This journey must accelerate a Plan B. In the critical period covering the second half of this year, a framework for negotiation could begin to open up, where China and Europe can act as facilitators. Military, economic and social fatigue will take their toll. Even Zelensky himself is threatening to jump on this train, to avoid a useless destruction of the country and a thirty-year war. President Sanchez, and with him Spain and Europe, have the option – at a time of vacuum of European leadership – to make visible the first serious contacts for peace. The other option is to settle for more of the same and risk an uncontrollable drift towards war. Fortunately, peace sells well: in an election year as difficult as this one, public opinion will always follow it.
China and Spain share two things in common. One, that the war be diplomatically channeled as soon as possible, in the most balanced way. Our common fundamental anchor has to be territorial integrity and sovereignty. This is precisely the first point of the Chinese document on Ukraine, which is not a peace plan, not a point of arrival, but a starting position. It is the basic principle of external non-interference enshrined in China’s own Constitution. The second is to prevent a “cold war mentality” from materializing – something that could alienate our relations with Latin America and Africa, and leave Europe boxed in the new international order.
Spain can put its stamp, its own geopolitical vision on Europe. But for that to happen, it is necessary to establish a constructive relationship with China, resisting external pressures (and domestic ones: will the PP also call Xi an autocrat? ). Betting on exchanges and Chinese tourism (with more than one million visitors a year to our country) and the expansion of the Spanish language inevitably take on a greater dimension, in a certain civilising sense. It also means moving away from a rigid decoupling between West and East that feeds on cheap ideology; from a pre-fabricated confrontation between good and evil, between Democracies and Autocracies, under the din of doomsayers and certain war lobbies. Sometimes, in international politics, it is also necessary to take risks.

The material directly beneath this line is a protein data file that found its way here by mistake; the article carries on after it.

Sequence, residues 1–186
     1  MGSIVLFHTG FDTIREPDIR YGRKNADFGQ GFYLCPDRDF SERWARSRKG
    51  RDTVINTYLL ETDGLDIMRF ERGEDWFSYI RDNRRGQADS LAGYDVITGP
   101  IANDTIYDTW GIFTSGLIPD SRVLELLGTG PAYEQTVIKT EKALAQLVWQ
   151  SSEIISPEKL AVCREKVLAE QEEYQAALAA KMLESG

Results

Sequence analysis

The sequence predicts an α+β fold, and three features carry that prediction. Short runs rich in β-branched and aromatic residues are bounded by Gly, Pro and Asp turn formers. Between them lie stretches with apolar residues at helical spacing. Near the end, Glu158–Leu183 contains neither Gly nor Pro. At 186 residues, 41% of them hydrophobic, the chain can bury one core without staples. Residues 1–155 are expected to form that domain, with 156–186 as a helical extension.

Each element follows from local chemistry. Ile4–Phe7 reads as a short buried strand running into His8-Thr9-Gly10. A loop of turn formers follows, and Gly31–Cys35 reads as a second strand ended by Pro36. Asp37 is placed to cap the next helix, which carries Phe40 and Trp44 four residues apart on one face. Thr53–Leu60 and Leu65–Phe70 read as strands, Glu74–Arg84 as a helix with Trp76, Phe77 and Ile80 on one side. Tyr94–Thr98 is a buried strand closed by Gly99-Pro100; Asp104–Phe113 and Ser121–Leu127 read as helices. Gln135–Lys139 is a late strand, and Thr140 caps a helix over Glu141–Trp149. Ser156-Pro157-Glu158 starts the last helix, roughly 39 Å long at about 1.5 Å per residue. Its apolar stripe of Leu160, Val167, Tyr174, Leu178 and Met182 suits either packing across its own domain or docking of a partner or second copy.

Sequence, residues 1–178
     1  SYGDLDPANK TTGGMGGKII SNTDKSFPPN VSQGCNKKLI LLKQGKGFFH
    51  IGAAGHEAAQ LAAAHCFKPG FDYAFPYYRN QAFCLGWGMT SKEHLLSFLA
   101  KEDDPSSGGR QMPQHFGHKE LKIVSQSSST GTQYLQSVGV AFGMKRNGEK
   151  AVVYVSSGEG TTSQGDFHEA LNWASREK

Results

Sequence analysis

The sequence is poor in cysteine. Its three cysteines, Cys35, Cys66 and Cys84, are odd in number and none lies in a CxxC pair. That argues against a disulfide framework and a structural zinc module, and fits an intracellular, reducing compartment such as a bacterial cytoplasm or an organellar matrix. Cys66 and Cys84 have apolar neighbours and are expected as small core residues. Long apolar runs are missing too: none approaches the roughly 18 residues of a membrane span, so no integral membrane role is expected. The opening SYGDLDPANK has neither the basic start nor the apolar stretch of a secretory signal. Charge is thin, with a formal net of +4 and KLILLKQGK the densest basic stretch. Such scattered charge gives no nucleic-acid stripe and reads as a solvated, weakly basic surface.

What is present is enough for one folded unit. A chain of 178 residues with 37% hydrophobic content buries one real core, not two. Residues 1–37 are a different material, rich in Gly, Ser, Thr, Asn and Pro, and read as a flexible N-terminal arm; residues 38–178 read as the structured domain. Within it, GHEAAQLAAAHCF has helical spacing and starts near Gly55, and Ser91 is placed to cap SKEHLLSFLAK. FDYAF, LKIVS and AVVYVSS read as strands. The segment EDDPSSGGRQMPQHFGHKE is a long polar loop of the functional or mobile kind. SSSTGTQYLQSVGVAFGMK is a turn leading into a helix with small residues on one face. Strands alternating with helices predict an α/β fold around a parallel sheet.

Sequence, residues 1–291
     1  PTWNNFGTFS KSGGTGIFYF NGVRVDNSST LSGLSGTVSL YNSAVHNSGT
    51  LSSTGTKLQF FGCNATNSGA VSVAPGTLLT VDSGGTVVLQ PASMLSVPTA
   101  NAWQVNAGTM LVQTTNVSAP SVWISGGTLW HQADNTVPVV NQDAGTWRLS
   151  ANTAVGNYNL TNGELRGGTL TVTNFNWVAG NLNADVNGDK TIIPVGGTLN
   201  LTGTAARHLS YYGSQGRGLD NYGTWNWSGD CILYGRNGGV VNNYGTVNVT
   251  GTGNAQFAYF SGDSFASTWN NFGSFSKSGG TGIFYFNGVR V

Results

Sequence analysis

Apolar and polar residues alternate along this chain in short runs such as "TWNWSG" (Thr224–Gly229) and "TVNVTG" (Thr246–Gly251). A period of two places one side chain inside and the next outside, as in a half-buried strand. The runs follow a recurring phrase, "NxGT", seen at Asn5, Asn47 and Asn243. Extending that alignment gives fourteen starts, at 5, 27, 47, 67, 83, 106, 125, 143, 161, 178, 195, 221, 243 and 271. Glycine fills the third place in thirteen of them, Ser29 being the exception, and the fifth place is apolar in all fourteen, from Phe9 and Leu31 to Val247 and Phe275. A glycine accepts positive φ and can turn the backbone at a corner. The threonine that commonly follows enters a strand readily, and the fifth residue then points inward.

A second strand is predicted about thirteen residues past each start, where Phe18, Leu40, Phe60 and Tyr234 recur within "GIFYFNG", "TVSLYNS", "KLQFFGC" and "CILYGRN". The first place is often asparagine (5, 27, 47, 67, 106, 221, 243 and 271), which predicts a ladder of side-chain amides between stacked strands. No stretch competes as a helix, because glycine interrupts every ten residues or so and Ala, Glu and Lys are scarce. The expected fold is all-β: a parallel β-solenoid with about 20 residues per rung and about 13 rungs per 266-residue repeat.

Europe is going to talk about open strategic autonomy at a summit in Granada next October. By then, the Spanish government could recover some souvenirs from this trip.
The first one is that Spain and Europe have to reposition themselves strategically and elaborate a Plan B for post-war Ukraine where China has a constructive role.
Also, from the Boao Asian Forum, Spain could promote the resumption of the EU-China Investment Agreement – blocked for two years – this time from a new perspective. With Beijing there is room to propose trade with greater added value, in new sectors, and new rules. China is no longer the world’s factory. At the same time, it is necessary to overcome US pressures and counteract Biden’s Inflation Reduction Act.
Another aspect has to do with incorporating China and Asia into the equation of global development and value chains. Of course, both Europeans and Chinese have to make many adjustments: in unfulfilled promises, in debt, or environmental sustainability. But it makes no sense to compete for the welfare of others, pitting the European Global Gateway project against the Belt and Road or the Global Security Initiative promoted by China. Especially in Latin America: addressing debt, infrastructure, or digital divides is in the interest of all of us. We need to work on a common language to make the goals of the 2030 Agenda a reality.
It is better to talk.